I believe aphorisms are best when first read in the wild, free from the confines of any categories.
Aphorisms are bad for novels. They stick in the reader's teeth.
Our live experiences, fixed in aphorisms, stiffen into cold epigrams. Our heart's blood, as we write it, turns to mere dull ink.
I got a note from my father, who said that Success is wonderful, if you don't inhale. That was his own aphorism, and I think it's the very best thing he could have said to me or anyone else on the subject.
Aphorisms are the true form of the universal philosophy.
An aphorism ought to be entirely isolated from the surrounding world like a little work of art and complete in itself like a hedgehog.
How many of us have been attracted to reason; first learned to think, to draw conclusions, to extract a moral from the follies of life, by some dazzling aphorism.
I lost many literary battles the day I read 'Their Eyes Were Watching God.' I had to concede that occasionally aphorisms have their power. I had to give up the idea that Keats had a monopoly on the lyrical.
The great writers of aphorisms read as if they had all known each other well.
I compose most of my tweets with care, as if they were aphorisms - they are not usually dashed-off. Sometimes I'm surprised by the high, poetic quality of Twitter - it lends itself to a surreal sort of self-expression.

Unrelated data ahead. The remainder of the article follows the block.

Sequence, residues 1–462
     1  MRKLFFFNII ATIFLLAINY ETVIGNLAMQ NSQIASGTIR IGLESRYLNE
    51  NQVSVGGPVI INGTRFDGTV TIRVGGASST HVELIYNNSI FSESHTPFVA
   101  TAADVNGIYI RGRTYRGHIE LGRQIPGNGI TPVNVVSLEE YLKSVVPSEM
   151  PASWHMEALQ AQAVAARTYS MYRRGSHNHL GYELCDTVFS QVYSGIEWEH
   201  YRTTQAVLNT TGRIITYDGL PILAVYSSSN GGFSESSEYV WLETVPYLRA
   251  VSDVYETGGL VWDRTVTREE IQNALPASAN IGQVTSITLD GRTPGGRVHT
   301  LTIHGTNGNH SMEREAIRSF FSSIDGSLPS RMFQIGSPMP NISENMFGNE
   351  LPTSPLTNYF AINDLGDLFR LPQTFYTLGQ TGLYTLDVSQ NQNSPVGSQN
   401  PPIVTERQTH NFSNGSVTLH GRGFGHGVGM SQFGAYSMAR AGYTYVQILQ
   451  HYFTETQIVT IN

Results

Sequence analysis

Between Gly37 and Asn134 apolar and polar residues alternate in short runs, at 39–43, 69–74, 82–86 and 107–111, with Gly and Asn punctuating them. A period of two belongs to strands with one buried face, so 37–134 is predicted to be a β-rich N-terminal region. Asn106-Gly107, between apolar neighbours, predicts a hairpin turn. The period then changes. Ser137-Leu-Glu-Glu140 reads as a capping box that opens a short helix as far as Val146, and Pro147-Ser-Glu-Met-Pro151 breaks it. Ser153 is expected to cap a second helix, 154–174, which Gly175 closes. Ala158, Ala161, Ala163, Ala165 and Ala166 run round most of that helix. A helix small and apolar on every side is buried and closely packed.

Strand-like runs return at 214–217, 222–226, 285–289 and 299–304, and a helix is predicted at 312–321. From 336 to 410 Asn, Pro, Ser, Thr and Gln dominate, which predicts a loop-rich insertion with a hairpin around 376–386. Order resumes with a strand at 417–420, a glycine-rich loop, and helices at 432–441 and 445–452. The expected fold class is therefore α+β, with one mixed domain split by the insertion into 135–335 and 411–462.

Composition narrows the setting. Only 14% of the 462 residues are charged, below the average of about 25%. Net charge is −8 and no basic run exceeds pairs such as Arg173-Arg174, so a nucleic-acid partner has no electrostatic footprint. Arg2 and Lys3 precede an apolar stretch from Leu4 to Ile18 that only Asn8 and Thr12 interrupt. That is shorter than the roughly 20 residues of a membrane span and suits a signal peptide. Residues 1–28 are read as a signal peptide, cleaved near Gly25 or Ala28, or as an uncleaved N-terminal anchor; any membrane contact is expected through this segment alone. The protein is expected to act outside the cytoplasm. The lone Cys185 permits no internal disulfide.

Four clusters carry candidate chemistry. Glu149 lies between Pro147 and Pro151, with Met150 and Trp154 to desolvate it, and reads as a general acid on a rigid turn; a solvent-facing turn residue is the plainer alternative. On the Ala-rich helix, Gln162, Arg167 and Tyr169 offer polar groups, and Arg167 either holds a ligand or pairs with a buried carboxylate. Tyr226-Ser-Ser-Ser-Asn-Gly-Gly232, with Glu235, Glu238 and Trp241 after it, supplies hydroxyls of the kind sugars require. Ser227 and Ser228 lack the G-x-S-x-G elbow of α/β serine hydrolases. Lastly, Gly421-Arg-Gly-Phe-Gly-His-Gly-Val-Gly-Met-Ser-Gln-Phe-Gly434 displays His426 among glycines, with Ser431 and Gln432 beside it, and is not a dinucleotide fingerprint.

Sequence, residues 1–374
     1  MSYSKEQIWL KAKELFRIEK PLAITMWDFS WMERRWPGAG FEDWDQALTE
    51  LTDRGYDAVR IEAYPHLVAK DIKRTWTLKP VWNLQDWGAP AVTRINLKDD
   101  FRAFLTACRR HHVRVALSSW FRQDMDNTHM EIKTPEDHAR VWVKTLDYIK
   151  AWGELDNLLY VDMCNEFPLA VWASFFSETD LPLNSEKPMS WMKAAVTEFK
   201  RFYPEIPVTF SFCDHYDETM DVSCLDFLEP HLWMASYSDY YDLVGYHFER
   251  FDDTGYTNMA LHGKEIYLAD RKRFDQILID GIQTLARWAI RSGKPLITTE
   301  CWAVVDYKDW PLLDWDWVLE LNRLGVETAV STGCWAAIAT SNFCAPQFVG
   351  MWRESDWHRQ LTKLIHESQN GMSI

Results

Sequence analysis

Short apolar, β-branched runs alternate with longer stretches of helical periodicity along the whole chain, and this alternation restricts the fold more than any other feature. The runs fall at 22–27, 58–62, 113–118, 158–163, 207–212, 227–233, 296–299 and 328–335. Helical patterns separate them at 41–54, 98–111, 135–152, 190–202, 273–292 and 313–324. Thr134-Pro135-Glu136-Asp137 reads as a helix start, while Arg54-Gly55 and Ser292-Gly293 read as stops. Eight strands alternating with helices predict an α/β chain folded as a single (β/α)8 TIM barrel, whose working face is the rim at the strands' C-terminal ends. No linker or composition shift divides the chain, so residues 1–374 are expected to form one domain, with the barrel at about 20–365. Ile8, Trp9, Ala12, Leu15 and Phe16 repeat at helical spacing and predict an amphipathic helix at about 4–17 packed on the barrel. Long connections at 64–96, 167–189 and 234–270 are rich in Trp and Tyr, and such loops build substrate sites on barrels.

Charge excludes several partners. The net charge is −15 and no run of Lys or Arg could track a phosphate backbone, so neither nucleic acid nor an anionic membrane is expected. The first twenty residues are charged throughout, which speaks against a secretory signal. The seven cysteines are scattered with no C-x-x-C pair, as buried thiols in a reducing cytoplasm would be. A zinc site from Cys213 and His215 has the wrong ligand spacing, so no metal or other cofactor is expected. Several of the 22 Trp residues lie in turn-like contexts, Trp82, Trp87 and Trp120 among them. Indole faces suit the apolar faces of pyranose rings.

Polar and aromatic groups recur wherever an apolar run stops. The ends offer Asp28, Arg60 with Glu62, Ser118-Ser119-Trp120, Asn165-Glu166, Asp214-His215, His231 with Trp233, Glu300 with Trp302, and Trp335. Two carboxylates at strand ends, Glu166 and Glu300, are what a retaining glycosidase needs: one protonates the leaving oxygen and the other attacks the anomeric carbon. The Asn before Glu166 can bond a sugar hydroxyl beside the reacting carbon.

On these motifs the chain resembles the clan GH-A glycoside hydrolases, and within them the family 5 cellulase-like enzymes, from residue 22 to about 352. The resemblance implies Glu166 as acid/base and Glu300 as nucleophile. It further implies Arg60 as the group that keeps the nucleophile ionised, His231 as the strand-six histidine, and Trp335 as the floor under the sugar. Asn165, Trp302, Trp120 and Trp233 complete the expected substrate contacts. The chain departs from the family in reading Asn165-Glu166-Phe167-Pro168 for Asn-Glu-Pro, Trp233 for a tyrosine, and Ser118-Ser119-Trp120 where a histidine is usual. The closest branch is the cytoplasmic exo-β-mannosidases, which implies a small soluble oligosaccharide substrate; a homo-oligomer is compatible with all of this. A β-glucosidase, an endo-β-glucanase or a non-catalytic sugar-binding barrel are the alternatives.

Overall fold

A transposable aphorism is a malaise of the urge to be witty, or in other words, a maxim that is untroubled by the fact that the opposite of what it says is equally true so long as it appears to be funny.
There is nothing more difficult to define than an aphorism.
There are aphorisms that, like airplanes, stay up only while they are in motion.
Exclusively of the abstract sciences, the largest and worthiest portion of our knowledge consists of aphorisms: and the greatest and best of men is but an aphorism.
Someone who can write aphorisms should not fritter away his time in essays.
It wasn't until I had been writing on and off for maybe ten years that I started to establish any kind of routine, thought I couldn't put a finger on an exact date, and this routine relates simply to the aphorism 'How do you eat an elephant? One bite at a time.'
My premise is that the popular aphorism that 'all religions are fundamentally the same and only superficially different' simply is not true. It is more correct to say that all religions are, at best, superficially similar but fundamentally different.
I collect axioms, paradoxes, maxims, teaching stories, proverbs, and aphorisms of all sorts, because I love to see complex ideas distilled into a few words.
The laughter of the aphorism is sometimes triumphant, but seldom carefree.
We endeavor to stuff the universe into the gullet of an aphorism.